Sunday, April 17, 2016

It's Complicated

I've often said the only real privilege I get as chief bottle washer blogger in chief around here is to occasionally turn a long comment into a posting. 

With that in mind, I want to draw your attention to the post "Let's Talk About Young Women" from Friday.  Someone whose blog I read all the time - which means someone whose opinions I respect - DiveMedic from Confessions of a Street Pharmacist posted about his experiences with his fiance' and pay inequality.  DM said that he had recently started teaching high school and since he was paid too closely to what she gets paid was thinking maybe there is something to this pay inequality stuff we hear about.  Note he wasn't being paid more than her, just that in his opinion, he wasn't getting paid far enough less than her. 

Let me summarize here.  She has a Masters Degree, he doesn't.  Instead, he has three Bachelor's Degrees.  Because of the Masters, she can teach dual enrollment (high school/junior college) classes he can't.  On the other hand, he's a science teacher and STEM teachers are in demand.  (A search for "STEM Teachers in Demand" returns over 50 million hits).  Given all that, his concern is that she only makes about $2000 more than he does.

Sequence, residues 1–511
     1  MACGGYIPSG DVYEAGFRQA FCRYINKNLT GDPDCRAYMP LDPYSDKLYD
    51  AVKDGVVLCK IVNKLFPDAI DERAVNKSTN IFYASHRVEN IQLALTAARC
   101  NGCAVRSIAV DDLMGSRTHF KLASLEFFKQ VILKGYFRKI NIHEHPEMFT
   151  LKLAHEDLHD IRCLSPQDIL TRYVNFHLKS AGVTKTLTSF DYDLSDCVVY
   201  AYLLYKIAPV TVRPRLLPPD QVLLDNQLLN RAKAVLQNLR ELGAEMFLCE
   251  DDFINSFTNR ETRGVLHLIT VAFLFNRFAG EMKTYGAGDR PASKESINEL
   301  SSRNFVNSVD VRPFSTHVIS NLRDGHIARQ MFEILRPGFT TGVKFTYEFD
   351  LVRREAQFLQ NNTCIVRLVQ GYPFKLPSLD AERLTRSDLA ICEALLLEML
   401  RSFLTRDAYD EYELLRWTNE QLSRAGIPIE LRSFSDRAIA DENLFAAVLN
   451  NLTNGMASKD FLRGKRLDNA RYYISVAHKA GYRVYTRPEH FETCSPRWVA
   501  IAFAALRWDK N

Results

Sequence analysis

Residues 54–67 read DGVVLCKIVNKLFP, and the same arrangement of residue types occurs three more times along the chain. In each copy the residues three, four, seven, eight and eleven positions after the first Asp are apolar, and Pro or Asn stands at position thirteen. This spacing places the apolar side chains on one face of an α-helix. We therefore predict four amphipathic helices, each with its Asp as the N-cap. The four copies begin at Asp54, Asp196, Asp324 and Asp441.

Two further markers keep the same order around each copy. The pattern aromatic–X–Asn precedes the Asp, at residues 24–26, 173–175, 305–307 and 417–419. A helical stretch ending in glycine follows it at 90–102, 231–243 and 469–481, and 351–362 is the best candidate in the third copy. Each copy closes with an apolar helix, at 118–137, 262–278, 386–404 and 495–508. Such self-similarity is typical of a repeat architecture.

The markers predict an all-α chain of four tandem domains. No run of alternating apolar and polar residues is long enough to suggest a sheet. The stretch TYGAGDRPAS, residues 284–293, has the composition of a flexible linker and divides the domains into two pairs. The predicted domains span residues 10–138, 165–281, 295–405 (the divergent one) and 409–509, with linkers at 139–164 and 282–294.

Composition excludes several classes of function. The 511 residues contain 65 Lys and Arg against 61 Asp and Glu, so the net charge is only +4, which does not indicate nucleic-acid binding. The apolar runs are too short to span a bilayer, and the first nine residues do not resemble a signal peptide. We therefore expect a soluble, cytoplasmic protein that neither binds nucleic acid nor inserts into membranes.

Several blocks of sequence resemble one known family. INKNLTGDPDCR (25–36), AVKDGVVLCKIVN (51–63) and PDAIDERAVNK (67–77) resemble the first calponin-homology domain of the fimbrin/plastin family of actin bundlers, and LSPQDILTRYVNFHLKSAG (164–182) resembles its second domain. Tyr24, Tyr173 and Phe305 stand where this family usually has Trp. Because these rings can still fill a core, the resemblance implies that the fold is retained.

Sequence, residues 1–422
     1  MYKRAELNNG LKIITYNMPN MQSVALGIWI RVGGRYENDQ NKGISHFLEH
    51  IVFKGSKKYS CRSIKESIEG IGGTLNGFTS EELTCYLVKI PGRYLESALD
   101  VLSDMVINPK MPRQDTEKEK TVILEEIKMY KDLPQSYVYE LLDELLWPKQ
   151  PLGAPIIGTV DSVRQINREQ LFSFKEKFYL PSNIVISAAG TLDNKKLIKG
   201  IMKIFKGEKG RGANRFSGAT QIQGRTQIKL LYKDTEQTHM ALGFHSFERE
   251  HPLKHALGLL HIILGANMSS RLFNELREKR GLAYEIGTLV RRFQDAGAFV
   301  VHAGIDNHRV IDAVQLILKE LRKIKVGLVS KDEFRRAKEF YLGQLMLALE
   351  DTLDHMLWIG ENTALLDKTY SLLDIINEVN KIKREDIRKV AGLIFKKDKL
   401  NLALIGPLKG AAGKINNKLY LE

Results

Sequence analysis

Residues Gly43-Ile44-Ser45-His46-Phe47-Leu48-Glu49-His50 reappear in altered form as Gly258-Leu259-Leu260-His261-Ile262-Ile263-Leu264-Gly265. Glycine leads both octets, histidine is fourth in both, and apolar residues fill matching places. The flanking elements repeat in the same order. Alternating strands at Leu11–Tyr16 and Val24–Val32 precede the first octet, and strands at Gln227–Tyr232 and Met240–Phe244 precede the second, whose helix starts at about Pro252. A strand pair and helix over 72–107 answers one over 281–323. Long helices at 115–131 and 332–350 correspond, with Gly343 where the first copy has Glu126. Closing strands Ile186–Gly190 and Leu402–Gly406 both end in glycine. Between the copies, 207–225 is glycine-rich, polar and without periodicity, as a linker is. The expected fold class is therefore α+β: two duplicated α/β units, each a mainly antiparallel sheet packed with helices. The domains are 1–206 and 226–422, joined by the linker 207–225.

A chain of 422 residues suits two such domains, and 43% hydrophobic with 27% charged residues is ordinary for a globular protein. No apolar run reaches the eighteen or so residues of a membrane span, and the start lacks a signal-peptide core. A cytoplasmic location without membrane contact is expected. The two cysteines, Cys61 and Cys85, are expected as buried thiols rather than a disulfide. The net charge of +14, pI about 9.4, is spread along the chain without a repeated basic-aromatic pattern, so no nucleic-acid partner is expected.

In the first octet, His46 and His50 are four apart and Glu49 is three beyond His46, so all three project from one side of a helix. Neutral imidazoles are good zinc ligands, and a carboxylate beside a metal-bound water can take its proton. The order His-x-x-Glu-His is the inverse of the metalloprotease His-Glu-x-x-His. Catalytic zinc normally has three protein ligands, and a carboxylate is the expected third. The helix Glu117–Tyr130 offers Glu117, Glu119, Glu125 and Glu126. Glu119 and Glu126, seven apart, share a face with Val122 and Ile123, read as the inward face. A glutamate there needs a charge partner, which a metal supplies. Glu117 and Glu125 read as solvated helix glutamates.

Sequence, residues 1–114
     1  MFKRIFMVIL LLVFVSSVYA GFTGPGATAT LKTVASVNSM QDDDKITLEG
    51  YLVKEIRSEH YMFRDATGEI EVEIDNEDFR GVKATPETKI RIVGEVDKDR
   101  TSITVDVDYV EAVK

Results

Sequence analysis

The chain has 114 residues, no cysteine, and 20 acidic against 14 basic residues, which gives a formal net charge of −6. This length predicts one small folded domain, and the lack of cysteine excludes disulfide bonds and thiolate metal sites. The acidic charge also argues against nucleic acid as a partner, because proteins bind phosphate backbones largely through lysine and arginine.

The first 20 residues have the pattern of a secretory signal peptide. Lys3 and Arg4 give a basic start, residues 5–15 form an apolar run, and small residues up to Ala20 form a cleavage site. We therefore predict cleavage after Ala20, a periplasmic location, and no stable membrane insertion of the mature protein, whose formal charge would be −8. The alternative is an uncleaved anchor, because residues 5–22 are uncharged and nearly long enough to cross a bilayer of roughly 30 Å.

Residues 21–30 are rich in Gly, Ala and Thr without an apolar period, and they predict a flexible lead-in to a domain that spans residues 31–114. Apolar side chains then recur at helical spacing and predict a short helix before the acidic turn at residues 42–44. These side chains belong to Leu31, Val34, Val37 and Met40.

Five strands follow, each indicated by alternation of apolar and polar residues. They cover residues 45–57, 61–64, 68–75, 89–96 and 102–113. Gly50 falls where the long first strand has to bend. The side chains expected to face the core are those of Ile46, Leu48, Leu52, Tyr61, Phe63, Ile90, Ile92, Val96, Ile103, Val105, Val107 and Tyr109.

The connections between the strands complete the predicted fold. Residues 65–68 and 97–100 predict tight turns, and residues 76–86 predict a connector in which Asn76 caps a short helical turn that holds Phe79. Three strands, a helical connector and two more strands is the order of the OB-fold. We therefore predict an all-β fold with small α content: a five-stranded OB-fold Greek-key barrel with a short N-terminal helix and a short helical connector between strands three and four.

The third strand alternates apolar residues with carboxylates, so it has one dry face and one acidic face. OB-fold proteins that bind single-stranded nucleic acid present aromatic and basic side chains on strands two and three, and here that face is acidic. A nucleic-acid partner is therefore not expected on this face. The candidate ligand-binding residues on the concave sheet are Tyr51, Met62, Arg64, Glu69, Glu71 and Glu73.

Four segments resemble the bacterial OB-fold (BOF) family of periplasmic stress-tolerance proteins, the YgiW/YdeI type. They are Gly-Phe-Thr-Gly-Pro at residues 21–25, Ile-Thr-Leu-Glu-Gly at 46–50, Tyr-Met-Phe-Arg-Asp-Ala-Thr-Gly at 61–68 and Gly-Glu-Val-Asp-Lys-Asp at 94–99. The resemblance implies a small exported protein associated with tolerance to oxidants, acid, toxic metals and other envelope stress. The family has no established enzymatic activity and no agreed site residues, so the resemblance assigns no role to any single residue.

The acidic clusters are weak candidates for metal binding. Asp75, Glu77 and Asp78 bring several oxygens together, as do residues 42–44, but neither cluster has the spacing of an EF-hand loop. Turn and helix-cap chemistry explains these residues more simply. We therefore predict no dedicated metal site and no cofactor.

To begin with, I'm almost 100% void of any real knowledge here.  I've never taught college or high school.  I worked my entire life in the electronics manufacturing industry, since my first full time job as an electronics technician.  Over the years, I did have to interview and hire many folks.  For a brief period, I hired technicians and quality control inspectors (both hourly, non-union jobs) then moved on to hiring engineers (salaried jobs).  I have no idea what DM or his fiance' make in dollars.  On the other hand, teachers' pay ranges are public information and I searched for the pay ranges in my county (pdf warning) and I'm going play with numbers a bit here to see what they tell me.  (Always bearing in mind that "if you torture the data long enough, it will confess to anything").  I'm specifically using my county because I'm all but certain DM doesn't live or work here, and I have no desire to impose on anyone's privacy.